Select Page

MM 33

Determining Hatch Rates

by | Dec 1, 2020 | Meyer Moment

Let’s take a Meyer Moment, to talk about determining hatch rates! The new year is quickly approaching with new availability, so we thought we’d share how Meyer Hatchery determines the number of chicks for each hatch date. 

Read Full Episode Transcript

Hey everyone! Welcome back to The Coop with Meyer Hatchery – where we talk all things poultry in hopes of inspiring crazy chicken keepers and educating future flock owners. Each week we like to take a Meyer Moment to cover relevant happenings. 

Let’s take a Meyer Moment, to talk about determining hatch rates! The new year is quickly approaching with new availability, so we thought we’d share how Meyer Hatchery determines the number of chicks for each hatch date. 

Creating this inventory happens long before the actual hatch and with lots of math involved. First, we must estimate how many eggs we will have available to set in our incubators. This number is determined, based on prior experience, how many hens are residing in our breeding barns, and the average number of eggs laid for each breed, amongst other factors.

Knowing that it takes 21 days for chicken eggs to hatch, in a well-controlled environment, the set days are planned in advance to coordinate with our Monday hatch dates. We hatch on Mondays to ensure your chicks are healthy, upon arrival at the post office. Some hatch dates are scheduled for Tuesdays if a federal holiday falls on that Monday’s hatch.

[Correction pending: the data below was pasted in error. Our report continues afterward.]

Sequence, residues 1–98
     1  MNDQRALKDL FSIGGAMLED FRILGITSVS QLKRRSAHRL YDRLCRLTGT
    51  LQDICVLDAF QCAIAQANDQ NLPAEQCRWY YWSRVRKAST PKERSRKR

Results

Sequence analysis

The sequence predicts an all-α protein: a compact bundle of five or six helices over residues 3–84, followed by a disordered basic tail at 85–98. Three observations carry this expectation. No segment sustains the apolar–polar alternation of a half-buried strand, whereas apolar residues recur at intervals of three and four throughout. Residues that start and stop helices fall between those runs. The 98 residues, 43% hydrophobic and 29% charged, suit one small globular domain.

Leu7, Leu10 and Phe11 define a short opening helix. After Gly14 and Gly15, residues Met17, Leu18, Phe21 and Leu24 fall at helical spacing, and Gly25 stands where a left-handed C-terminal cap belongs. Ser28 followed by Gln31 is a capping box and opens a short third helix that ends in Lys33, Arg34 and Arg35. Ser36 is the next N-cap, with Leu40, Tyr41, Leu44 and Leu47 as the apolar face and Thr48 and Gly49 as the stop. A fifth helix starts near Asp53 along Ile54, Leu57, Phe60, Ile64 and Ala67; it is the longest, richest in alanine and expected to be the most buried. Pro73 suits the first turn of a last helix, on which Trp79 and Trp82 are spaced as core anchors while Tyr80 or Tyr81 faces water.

With the average number of eggs, we can now determine a certain percentage of eggs likely to hatch, resulting in an approximate number of chicks, we will have available for each breed. 

When those eggs are hatched, we know some will be sold as straight run, and others will be sold as male or female, resulting in our projected availability on our website. 

Using this formula, we can project the number of chicks available based on the breed for each hatch date throughout the year. This estimate is conservative to help avoid disappointment. 

However, working with live animals things don’t always go as planned. If they do not hatch as well as we expected, it could result in what we call hatch date issues. 

When these issues occur, we try to contact our customers as soon as possible and offer an alternative solution, whether that be a comparable breed substitution, shipping the order short, cancelling, or rescheduling the order. 

Other times hatches will go better than expected, resulting in more birds available than projected. Monday mornings our website availability is updated with over hatches, to reflect the most current numbers, allowing you to snag some breeds that may previously have been sold out.  

Limited by the number of eggs, incubator capacity, and hatch rates, you can now see why popular breeds, can easily sell out quickly. Be sure to join our newsletter, linked below, to be the first to know when our annual inventory is released! 

Enjoy the rest of your week and as always, thank you for listening to The Coop!

Hosts & Guests

Kendra + Jeff
From Meyer Hatchery

 Get This Episode

Related Episodes

MM: 38 – Frozen Eggs

MM: 38 – Frozen Eggs

MM 38 Frozen EggsLet’s take a Meyer Moment to talk about frozen eggs. Throughout the winter months as temperatures continue to drop, you’ll also find your egg production reducing. Getting every last precious egg from the coop to the house is of importance. But what...

MM: 37 – Winter Watering

MM: 37 – Winter Watering

MM 37 Winter WateringLet’s take a Meyer Moment to talk about winter watering. In Meyer Moment episode 26 we talked about the various styles of heated waterers. But for first-time flock owners navigating cold conditions or winter elements, you may still be struggling...

0 Comments

Submit a Comment

Your email address will not be published. Required fields are marked *